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  #21 (permalink)  
Old 03-17-2013, 01:21 PM
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Default Re: Longer rod = less leverage to fish fish? really?

Fulcrum (or the lack there of)is the thing that matters in this question I'm guessing. Great topic.
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Old 03-17-2013, 01:48 PM
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Default Re: Longer rod = less leverage to fish fish? really?

The fulcrum in this case, I think, is either the rod hand or the rod's action but I think the rod hand makes more sense but I could be 100% wrong.
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Old 03-17-2013, 01:53 PM
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Default Re: Longer rod = less leverage to fish fish? really?

Quote:
Originally Posted by wjc View Post
To put it another way, the best we can do is a 1 to 1 ratio when fighting fish on a line and that is with a handline .
Absolutely. One time when I was deep sea fishing, we had a bunch of Tuna all hit at once. It was turning into chaos. One of the guys on the boat just grabbed the line from one of the rods and handlined one fish in like I said in my post, in just a few minutes so we could get things down to a less hectic mess.

Unless you watch it or try it, it seems hard to believe, but it is a snap. You can drag a monster into the boat in nothing flat.
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Old 03-17-2013, 02:48 PM
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Default Re: Longer rod = less leverage to fish fish? really?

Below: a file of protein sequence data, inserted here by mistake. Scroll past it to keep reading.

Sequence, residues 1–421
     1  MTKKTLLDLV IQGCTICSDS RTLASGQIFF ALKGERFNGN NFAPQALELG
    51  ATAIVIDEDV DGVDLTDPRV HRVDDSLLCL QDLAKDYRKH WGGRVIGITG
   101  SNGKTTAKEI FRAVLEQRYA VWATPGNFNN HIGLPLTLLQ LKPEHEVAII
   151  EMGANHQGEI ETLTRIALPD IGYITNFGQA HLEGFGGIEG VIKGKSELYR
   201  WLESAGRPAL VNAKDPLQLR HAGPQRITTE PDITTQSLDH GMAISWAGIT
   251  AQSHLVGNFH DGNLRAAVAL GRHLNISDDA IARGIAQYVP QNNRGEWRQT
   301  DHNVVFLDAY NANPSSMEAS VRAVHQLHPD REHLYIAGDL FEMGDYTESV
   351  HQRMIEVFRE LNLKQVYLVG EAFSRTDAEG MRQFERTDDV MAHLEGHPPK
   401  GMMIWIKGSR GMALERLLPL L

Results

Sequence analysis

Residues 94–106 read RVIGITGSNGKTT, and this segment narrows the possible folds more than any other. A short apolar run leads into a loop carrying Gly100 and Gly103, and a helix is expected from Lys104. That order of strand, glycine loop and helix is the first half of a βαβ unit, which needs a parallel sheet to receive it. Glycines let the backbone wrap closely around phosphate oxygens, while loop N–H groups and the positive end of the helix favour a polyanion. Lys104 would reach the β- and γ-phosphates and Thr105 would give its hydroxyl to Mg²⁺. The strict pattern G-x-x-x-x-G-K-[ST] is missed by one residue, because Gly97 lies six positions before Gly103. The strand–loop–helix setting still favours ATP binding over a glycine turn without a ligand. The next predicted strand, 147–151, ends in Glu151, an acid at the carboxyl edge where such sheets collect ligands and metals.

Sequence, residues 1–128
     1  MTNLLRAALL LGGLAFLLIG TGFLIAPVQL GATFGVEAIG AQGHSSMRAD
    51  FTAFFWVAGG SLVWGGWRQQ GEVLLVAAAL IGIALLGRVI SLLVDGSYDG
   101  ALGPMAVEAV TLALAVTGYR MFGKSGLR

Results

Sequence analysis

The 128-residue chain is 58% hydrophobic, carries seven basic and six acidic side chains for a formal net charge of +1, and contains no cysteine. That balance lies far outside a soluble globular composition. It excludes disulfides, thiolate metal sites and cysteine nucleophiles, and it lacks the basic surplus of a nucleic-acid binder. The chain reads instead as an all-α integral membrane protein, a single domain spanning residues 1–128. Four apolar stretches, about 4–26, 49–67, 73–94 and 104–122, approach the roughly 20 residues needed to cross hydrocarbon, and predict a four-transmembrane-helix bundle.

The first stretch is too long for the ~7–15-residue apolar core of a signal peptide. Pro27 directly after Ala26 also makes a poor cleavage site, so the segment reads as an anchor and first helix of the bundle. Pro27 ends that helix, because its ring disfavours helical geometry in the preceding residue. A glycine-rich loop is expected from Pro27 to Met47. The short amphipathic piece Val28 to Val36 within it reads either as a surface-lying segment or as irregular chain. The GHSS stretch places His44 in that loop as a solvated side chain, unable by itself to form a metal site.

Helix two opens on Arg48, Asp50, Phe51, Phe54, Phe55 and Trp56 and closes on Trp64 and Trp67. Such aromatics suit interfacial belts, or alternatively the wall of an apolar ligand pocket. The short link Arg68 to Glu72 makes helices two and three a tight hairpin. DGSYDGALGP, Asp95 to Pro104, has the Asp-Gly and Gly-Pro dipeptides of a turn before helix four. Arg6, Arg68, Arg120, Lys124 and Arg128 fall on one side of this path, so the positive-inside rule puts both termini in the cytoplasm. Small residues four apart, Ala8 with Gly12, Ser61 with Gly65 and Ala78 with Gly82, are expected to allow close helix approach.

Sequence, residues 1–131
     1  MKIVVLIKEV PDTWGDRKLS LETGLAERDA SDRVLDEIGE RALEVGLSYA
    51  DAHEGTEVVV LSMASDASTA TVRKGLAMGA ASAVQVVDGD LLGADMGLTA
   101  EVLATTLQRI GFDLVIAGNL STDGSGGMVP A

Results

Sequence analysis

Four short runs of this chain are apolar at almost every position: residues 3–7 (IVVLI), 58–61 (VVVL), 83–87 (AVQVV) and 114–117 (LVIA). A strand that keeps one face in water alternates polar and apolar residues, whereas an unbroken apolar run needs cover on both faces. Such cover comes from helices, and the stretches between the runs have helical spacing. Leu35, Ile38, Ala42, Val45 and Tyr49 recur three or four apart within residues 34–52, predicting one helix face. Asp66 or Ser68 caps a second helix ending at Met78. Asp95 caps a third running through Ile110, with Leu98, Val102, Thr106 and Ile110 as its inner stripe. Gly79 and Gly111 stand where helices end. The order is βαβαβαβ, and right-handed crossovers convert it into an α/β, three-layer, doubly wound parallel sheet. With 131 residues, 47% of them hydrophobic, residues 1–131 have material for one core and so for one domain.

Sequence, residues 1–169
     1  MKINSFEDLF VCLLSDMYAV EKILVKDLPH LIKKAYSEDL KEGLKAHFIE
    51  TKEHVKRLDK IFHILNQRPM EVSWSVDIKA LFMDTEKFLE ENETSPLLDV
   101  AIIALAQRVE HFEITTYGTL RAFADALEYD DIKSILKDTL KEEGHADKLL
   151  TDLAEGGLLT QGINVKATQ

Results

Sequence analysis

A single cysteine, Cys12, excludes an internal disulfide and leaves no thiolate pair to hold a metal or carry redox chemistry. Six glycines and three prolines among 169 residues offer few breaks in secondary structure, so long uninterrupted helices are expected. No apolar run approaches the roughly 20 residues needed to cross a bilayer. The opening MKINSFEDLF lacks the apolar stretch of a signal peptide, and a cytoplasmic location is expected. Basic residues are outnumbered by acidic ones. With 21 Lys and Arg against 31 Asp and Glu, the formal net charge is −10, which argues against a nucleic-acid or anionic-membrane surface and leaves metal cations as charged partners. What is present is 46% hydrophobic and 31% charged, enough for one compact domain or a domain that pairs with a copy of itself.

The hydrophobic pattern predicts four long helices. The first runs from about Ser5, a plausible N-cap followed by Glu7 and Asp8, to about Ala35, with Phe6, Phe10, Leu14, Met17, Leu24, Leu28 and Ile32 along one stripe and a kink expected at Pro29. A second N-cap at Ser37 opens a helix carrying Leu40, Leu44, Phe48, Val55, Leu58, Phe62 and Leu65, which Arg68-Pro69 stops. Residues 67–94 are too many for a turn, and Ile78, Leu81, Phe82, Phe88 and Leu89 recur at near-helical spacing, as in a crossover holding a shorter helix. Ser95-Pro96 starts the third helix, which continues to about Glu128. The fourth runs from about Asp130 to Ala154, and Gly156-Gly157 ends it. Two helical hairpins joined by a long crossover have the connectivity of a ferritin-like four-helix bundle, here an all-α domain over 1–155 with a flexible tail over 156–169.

Quote:
Originally Posted by ditz View Post
I am not a physics expert so my terminology my be incorrect...

The only difference in reality is that the larger bend will in effect make the lever a little shorter so a little more power will be required but it is not because of the bending but because the lever is somewhat shorter.

I am not a teacher either so I hope this makes sense.
Ditz,

This is exactly the same concept that is used in fly casting called the "Effective Rod Length" (ERL). As a fly rod bends either when casting by placing a casting load on rod tip, OR when fighting a fish by placing a fighting load on the rod tip, the fly rod bends shortening the ERF. This ERF is the length of the rod lever as you correctly indicate above.

In geometry, this is called the chord.The chord is a line which joins two points on an arc, and it represents the "effective rod length" of a flexed fly rod.

Click the image to open in full size.

During a fly cast, it represents the dotted line in #5 below. The illustration below is from Simon Gawesworth's book Single-Handed Spey Casting. Simon Simon calls this the "leverage length" of the bent rod.